Blockchain gives back the basic human right of self control and privacy by design.

It is the solution we accept today, which will be the mandate of tomorrow.

Now that you know about all that is running through my head, surely, you can expect that I lose some sleep at night.

My question for you is, will you contribute to this revolution and help us truly impact the world?


Amira Bouguera



What keeps me up at night?

The internet has completely transformed the way society functions over the last 30 years.  If you think about how much the internet changed the world, and consider that blockchain does for money what the internet did for information, ask yourself, what impact could blockchain have on the world? How massive will the change be?

Napster decimated the record industry in the punctuated equilibrium that was the internet because songs can now be composed as mp3s.  If our jobs can be composed as a series of smart contracts that manage our compensation and responsibilities, it seems clear to me that blockchain will change the way we think of careers.

I think that the future jobs economy will be more fluid than today’s economy. This will clearly change the nature of the relationship between capital and labor, but in what way?

A traditional corporation’s relationship to its employees is one-to-many. In the future, the relationship might increasingly be many-to-many. I find myself imagining a future where credit and jobs are many-to-many, with actors in the network playing BOTH the role of capital and labor delegating jobs to one another with low overhead and low long term commitment.  This would be a mesh network of jobs.

If we do this right, I believe finding work in Open Source Software will be as easy as it is for Uber drivers to find a ride today.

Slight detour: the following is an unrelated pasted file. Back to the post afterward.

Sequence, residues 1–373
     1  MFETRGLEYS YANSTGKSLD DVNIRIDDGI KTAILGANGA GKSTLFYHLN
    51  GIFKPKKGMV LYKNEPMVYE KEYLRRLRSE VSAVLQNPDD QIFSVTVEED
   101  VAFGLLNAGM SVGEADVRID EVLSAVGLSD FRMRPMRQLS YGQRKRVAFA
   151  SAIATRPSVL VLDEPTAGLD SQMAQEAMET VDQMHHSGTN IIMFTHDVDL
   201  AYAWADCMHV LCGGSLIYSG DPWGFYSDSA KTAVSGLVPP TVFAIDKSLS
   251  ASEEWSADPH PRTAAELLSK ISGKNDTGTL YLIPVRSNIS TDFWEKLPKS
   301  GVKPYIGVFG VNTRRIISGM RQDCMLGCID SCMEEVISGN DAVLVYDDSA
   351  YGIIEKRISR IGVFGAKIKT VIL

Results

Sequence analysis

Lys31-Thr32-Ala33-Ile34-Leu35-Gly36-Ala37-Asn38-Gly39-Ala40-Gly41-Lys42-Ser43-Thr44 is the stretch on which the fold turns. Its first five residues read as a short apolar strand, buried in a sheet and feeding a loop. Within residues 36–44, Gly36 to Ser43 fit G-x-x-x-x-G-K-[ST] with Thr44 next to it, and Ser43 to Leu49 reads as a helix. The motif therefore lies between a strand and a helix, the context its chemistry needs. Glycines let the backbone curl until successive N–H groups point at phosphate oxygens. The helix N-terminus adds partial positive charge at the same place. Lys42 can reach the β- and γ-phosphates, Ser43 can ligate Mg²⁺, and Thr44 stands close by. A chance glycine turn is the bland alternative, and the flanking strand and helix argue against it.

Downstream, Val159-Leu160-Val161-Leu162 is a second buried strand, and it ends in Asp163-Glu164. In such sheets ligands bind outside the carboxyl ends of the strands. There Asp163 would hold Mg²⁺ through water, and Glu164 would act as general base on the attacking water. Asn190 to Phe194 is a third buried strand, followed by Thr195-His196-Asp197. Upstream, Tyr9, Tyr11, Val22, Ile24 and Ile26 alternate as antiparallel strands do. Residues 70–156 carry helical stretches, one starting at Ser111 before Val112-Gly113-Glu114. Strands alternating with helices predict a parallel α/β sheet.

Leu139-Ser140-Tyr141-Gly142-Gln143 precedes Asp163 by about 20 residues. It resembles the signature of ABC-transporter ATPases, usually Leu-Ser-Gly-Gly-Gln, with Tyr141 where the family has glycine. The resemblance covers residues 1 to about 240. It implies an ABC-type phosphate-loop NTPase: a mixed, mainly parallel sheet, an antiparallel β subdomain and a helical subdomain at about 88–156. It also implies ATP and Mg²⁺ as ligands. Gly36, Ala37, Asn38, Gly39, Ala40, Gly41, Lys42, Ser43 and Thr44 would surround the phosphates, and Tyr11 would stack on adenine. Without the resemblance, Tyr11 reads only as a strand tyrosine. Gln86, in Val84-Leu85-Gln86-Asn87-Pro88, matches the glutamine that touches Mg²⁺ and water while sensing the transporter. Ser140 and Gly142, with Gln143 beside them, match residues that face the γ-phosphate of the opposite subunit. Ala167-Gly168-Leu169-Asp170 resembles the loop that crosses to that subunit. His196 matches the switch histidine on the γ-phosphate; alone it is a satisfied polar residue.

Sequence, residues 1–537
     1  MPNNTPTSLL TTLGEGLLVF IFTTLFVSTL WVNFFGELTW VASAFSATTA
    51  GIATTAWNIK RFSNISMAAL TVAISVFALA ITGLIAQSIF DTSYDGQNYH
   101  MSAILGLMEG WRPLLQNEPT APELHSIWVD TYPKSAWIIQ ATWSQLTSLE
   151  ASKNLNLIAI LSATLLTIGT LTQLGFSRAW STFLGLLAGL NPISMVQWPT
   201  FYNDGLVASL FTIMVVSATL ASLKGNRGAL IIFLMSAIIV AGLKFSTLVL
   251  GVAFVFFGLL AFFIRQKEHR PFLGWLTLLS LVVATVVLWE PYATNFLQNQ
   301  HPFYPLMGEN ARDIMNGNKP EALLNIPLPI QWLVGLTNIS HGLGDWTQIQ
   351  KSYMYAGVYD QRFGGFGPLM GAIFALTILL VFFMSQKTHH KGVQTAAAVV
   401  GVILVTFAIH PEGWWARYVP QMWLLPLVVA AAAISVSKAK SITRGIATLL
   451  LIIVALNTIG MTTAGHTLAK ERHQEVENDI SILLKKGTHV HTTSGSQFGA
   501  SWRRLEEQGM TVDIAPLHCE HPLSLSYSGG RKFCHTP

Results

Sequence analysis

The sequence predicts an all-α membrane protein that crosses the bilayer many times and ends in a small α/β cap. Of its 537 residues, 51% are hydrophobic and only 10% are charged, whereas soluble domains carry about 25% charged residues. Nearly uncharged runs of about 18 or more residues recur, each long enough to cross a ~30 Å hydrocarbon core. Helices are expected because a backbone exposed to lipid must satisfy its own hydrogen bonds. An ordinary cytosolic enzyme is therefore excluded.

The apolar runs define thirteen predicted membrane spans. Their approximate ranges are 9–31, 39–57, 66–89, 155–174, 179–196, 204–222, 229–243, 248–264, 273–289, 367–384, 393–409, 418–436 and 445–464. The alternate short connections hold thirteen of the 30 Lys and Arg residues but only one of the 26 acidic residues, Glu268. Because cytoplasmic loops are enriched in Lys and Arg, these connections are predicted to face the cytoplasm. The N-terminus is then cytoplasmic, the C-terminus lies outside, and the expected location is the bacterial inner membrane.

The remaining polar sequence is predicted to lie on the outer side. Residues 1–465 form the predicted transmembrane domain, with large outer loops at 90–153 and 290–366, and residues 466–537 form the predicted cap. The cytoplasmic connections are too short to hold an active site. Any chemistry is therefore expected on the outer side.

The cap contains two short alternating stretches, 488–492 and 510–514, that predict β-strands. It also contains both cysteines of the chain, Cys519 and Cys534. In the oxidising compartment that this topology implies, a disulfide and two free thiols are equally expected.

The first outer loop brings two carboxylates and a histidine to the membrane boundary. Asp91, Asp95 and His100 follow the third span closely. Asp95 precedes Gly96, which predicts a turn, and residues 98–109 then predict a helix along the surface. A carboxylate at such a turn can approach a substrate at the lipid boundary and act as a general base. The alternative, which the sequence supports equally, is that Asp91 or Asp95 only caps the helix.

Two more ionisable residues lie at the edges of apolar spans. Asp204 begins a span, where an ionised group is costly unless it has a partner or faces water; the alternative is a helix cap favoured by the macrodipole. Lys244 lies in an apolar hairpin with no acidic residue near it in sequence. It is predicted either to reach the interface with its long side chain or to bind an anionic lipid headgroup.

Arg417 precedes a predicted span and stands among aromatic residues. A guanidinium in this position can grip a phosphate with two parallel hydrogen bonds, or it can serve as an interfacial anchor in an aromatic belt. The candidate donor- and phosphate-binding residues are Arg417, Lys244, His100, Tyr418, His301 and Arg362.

But what if we don’t get it right? This is what keeps me up at night.

In this new world, we need to build a bridge for services that were traditionally bundled along with jobs, like retirement investments, insurance, healthcare.

In this new world, we need to build systems that simultaneously allow projects to do more faster, and allow labor to have leverage over their lifestyle and to support their families.

In this new world, we must avoid dehumanizing each other. We need to scale community. We need to scale past dunbar’s number.

In this new world, we don’t just need a mesh network of jobs.

We need a mesh network of purpose.

After spending a year working in this ecosystem, I must admit that I still do not know the path we are going to follow. However, I do have faith in the band of brothers and sisters whom I will be treading it with, and that gives me hope for the new world we are BUIDLing together.


Kevin Owocki



What keeps me up at night?

One of my mentors told me you’re either an investor or an operator. In order to be an investor you have to have a pessimistic perspective on things. In other words, you basically don’t believe in any investment opportunity until and unless it really wows you.